First it is a stackable build. But inter locking thru the center. The idea behind this build is there is less watering because it is watered at the top and flows down. The dirt that is not exposed to light keeps the water in longer and stays moist even in very dry conditions. It is also designed when placed out in the open, all 3 sides will recieve light all day long,,not just one side. Also you get more planting space in the design than the typical flat box build, even with stacking.

    I have asked how my triangles have done so far,,and my friend Inger, said the one with the herbs is already starting to show life. The strawberries are green already, and the last one she can not tell yet. And that is in the Arctic! They are covered with plastic, and herbs can be grown out in the outdoors in sub zero weather with no heater, as long as you stop watering them by novermber and not start again until the days are warmer. Just take the plastic off and there you have it. all planted and ready to go. You will have to replace the soil or add more after 2-3 yrs. I had worms in mine, and always made sure i had someting in there for them to eat.

    So its just a thought, and that is the one i do know about. Hope you have fun making your planters!

    ohh yes i forgot,,the strawberries i had planted,,i had over 40 plants in it,,and that was just 3 tiers and the top little one. So lots of room in those planters.
     
  8. fish_4_all

    fish_4_all In Flower

    Joined:
    Nov 13, 2008
    Messages:
    636
    Likes Received:
    49
    Location:
    Zone 8-9 Washington
    I may build one this spring but for now I am going with the boxes just because it is what I have. The pyramid was gonna cost me a LOT to get just the cedar boards for the support boards to the top.

    I would love to see plans for the pyramid planter with the stackable sections because that is really what I want and need. This would allow me to take it down completely if needed for a move or to redo the soil and not have a huge planter to try and handle.

    You are talking about the one in the second picture in the top right correct? I like that one and owuld allow for a lot of herbs in the top 2 or 3 tiers and tons of berries in the lower ones.

    If your friend will tell you can you find out what type of wood he recommends?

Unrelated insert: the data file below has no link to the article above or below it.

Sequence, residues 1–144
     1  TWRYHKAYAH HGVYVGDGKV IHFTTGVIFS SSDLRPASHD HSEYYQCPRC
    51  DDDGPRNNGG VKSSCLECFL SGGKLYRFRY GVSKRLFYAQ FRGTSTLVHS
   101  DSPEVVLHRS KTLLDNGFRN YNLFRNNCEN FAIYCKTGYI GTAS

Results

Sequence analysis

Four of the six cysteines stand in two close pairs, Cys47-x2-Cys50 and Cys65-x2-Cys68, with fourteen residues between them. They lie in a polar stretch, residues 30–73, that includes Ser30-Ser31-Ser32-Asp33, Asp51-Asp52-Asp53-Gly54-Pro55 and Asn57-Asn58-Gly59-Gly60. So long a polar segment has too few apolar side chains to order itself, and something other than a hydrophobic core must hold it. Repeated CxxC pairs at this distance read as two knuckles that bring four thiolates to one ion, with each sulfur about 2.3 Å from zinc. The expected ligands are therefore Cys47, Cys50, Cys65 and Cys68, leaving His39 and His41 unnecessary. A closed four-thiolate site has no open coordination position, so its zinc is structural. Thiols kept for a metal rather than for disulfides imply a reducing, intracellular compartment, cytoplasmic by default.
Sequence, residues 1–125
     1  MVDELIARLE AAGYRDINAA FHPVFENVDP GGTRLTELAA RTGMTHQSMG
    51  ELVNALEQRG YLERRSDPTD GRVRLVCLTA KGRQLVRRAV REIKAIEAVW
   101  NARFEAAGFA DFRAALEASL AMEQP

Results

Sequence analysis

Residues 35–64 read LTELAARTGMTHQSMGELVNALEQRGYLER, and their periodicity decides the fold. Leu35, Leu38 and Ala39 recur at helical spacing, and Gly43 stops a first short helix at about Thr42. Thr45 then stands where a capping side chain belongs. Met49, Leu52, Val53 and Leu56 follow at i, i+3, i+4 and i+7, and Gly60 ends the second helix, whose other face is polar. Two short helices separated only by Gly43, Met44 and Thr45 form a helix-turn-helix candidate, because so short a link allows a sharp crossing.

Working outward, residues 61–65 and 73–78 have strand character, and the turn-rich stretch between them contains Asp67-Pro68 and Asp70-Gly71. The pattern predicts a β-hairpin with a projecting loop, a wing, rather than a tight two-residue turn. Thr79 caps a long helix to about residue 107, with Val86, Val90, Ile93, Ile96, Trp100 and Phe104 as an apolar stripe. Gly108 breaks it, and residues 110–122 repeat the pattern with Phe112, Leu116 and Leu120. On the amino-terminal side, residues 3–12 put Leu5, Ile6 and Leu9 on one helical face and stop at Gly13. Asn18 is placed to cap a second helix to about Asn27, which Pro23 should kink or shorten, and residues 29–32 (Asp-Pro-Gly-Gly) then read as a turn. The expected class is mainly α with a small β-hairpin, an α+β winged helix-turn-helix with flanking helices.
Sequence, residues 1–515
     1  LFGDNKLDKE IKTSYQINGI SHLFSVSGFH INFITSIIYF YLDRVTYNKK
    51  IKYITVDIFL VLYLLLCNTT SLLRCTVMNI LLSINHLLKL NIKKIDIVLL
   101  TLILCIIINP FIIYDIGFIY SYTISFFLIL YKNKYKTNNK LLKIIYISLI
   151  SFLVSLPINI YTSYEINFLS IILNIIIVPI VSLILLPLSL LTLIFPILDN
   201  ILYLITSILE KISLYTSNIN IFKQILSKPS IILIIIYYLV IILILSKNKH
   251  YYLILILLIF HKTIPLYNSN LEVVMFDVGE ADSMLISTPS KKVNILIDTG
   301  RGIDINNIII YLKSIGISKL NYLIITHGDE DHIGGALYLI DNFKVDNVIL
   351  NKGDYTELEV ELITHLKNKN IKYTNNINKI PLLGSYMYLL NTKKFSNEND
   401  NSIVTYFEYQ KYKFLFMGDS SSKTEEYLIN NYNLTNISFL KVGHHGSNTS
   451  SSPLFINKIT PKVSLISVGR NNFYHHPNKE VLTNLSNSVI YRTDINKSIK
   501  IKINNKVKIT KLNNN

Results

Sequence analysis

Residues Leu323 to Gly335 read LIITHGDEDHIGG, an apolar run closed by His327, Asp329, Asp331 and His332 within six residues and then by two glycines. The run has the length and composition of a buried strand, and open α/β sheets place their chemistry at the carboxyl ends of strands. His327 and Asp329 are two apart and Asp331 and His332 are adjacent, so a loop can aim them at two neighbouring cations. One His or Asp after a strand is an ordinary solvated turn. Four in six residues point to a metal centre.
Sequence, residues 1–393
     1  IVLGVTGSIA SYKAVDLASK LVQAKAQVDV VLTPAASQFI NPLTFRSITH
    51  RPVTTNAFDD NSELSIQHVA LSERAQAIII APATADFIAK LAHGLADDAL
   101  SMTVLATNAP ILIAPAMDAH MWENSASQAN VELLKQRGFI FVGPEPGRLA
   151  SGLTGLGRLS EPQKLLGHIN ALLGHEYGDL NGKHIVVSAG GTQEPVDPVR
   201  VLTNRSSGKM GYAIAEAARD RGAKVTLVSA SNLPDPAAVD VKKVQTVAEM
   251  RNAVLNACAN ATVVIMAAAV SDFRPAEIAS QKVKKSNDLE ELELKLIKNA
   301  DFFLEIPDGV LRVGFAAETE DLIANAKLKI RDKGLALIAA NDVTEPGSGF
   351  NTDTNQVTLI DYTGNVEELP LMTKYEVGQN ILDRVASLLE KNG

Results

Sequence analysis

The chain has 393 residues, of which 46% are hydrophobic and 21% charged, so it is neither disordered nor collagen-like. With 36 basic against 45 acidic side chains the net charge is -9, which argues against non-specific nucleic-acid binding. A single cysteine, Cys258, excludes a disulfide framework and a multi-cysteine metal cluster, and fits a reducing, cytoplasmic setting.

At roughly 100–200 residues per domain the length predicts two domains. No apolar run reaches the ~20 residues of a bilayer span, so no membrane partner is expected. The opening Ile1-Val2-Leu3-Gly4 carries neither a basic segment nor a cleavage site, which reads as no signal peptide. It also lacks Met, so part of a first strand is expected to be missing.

9. Biita

    Biita Arctic-ally Challenged Forager

    Joined:
    Oct 31, 2007
    Messages:
    2,048
    Likes Received:
    15
    Location:
    Norway
    Hi Fish,,the wood that is used is called Siberia Density. It does not rot in water, is very strong and it also breaths, or lets air circulation thru. The plans i am sorry, but that is his patent and can not do. But it is a very simple build. The Siberia wood is a 100 times better than cedar, but i do not know if you can get it where you live.

    Good luck and hope it all turns out well for you!! I am sure it will.
     
  10. fish_4_all

    fish_4_all In Flower

    Joined:
    Nov 13, 2008
    Messages:
    636
    Likes Received:
    49
    Location:
    Zone 8-9 Washington
    Have never heard of Siberia Density but sounds like white cedar. Much better than red cedar for breathing and such.

    I found a lot of plans for the same thing but I have no intention of ever selling a patented item. I hate cheap knock offs on patented items. I have seen 2 versions of it in stores but not of anything of quality.

    The information was more important to me. The watering issue and especially water logged bottom sections was worrysome on everythinig I saw that had soil all the way through it from it different levels. With the design of the pyramid it seems that issue is taken care of with a lot more surface area that the 4 sided one with the slanted shelves.

    I may just have to build both sooner or later and see which one works better made out of cedar.
     

Share This Page